Today, we have an exciting pair of physicians that work on opposite coasts, created a blog from scratch, and inspire women (& men!) everyday on their blog: http://www.mavensinmedicine.com/! Dr. Kemi is a well-traveled Emergency Room physician located in New York. Fellow blogger & traveler Dr. Sheronda is an Anesthesiologist who now resides in Los Angeles. If you have ever wanted to know about doctors who are paid to travel, navigating a relationship in medicine, or how to start a co-written blog, then this is the interview for you! These women have collaborated from both coasts to tell you more about Mavens in Medicine & how they balance medicine, travel, and everything in between.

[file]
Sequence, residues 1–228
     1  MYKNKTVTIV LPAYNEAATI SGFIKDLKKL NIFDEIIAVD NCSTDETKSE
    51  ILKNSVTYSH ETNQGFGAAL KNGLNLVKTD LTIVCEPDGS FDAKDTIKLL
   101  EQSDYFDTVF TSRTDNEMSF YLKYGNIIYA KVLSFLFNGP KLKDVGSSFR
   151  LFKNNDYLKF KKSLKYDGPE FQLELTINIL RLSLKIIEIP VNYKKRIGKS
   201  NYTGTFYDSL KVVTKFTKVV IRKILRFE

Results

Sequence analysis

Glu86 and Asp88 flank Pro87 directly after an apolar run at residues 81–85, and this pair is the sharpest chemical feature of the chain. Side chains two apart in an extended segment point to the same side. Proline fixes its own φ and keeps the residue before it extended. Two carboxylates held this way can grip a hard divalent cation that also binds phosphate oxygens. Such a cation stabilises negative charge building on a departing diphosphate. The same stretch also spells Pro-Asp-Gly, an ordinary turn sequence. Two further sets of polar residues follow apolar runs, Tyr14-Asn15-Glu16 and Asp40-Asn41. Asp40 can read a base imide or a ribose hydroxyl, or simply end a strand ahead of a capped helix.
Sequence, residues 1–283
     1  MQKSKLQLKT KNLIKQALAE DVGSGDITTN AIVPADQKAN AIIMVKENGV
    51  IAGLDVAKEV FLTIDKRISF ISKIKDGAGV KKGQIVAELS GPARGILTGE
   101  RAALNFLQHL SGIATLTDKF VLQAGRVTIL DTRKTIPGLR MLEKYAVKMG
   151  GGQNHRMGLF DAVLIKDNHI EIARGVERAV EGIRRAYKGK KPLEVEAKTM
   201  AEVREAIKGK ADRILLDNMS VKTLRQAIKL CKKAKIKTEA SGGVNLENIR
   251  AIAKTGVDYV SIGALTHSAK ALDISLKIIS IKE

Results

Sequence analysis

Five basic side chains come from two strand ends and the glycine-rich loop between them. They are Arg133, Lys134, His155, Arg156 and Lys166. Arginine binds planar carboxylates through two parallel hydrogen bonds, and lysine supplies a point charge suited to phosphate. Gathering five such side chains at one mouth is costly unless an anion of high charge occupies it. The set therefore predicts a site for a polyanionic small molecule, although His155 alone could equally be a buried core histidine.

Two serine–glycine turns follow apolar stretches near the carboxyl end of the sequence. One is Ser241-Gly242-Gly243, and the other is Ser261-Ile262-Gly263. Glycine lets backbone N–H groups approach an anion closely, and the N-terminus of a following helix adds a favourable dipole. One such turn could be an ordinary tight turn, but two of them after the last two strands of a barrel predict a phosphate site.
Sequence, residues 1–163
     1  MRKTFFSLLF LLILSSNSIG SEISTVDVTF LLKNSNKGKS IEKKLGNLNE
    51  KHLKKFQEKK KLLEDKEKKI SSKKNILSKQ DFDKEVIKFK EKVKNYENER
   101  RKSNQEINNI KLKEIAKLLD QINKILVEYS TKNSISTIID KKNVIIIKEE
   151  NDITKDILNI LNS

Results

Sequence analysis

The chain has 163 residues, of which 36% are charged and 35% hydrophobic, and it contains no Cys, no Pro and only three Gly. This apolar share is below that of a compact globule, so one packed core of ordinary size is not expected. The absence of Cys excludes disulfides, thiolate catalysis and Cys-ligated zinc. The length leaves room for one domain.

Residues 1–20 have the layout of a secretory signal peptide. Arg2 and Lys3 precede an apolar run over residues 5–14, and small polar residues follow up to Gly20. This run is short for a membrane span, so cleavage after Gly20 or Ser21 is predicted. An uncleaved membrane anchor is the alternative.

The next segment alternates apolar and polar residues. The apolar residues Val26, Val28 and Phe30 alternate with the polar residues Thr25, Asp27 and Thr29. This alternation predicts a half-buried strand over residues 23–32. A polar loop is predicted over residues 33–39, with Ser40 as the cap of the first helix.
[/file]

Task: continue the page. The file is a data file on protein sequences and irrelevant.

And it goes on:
1. Describe Your Journey to Medicine:
Dr. Kemi: Growing up in Nigeria, I made up my mind that the hard situations I saw everyday could be solved by going into a field where it did not matter where in the world I worked. My mother was a midwife and through her influence, I started looking towards a career in nursing. Around the ages of 7 to 9, I finally decided medicine was for me. No matter what, everyone needs healthcare. I strived to receive my CNA in high school and got a job in a medical setting. At one point, I even decided to pursue a career in Pharmacy because my uncle is a Pharmacist, but eventually I changed my mind. In the end, I decided to pursue a path in medicine and began exploring different specialties. My decision was not as conscious as other people who have physician parents, as I am the first physician in family.